Monday, August 02, 2004

Greek Anarchists

Driving in Greece is a trip; I finally did it and survived to tell the tale. The first day I was there, though, I almost caused an accident because I didn't know the rules.

Actually, there's only one rule: There are no rules.

A red light, for example, in Greece means "Eh, you may want to consider stopping at some point, just in case, but whatever suits you is fine and if you have a fancy car, (anything with 6 cylinders counts) and you want to pass everybody by going around them on the left, just go ahead."

Then there's the move I got confused by, namely the 'pull over to the right with the left turn signal on'. I, naturally, slowed down when I saw the car in front of me slowing down with a left turn signal blinking (actually, I was a little amazed to see the signal, at all) but then the driver pulled over to the right of the lane, stopped completely and sat there. I stopped in surprise then noticed that she was waving me around her, so I finally came out of my stunned
confusion and took off. Not before some moron in a Smart Car (have you seen these things? a roller skate in a can; my dad calls them 'a two lunger') came up on my ass and beeped me.

I ignored him but I was thinking "Hey, watch it asshole. I'm driving a Ford Mondeo wagon, here - I'm big, I'm bad and I have airbags, dammit."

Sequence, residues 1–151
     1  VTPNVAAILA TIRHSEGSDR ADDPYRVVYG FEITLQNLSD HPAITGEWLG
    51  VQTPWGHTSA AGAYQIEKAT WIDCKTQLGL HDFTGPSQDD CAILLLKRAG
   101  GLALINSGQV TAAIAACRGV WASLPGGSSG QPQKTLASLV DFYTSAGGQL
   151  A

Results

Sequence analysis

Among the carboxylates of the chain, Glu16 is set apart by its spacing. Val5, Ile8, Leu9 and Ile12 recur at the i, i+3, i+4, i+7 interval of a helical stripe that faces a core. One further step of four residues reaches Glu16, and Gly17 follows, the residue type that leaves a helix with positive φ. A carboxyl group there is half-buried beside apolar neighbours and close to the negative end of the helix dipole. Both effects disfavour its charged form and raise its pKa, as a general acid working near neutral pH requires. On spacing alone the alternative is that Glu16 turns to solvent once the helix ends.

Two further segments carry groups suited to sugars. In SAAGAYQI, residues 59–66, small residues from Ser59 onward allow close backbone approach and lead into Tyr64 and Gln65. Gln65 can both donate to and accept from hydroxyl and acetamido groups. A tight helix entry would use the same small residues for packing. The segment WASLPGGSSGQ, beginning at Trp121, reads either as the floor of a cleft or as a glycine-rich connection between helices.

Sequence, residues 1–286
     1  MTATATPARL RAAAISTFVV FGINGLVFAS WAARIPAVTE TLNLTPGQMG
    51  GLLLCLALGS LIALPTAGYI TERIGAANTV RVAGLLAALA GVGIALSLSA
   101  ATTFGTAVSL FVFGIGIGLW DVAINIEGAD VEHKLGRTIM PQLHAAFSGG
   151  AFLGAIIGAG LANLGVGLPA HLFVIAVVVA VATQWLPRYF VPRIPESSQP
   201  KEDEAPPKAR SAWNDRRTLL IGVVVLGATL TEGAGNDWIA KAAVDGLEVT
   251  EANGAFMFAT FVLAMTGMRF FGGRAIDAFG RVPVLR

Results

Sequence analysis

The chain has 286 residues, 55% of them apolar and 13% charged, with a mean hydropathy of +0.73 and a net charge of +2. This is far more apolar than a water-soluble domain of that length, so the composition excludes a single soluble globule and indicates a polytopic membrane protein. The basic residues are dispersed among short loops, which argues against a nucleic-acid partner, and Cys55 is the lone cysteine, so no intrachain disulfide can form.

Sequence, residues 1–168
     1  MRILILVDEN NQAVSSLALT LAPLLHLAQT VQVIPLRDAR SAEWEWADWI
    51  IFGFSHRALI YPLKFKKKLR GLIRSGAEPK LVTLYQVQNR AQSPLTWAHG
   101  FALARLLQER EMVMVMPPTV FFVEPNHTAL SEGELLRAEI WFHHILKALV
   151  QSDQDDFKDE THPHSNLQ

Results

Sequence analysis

That was just my first day driving in Greece. I saw that particular maneuver again but I was ready for it.

I think they make up stuff as they go along, there. Take the imaginary middle lane, for example. Two lane freeways aren't really two lanes, they're three lanes. The fast traffic weaves around the slower cars by using the imaginary middle lane, a cross between regular passing and a game of chicken that involves nerves of steel, excellent reflexes and more creative uses for the blinkers. Has anyone seen this type of driving elsewhere? Is this a European thing,
or just Greek?

And how about posting a big red N on new drivers' cars? I liked that, actually - the scarlet letter of driving.

As far as parking goes, no rules at all. In Athens, one may park at one's discretion as long as one uses the hazard flashers. Stopping one whole lane of traffic? No problem, just use the flasher while your wife's in the shop. Automatic free pass while the other drivers pull out their hair and pray for your wife to hurry the hell up.

In the village, though, it's a lot more fun. I enjoyed the parking anarchy there.

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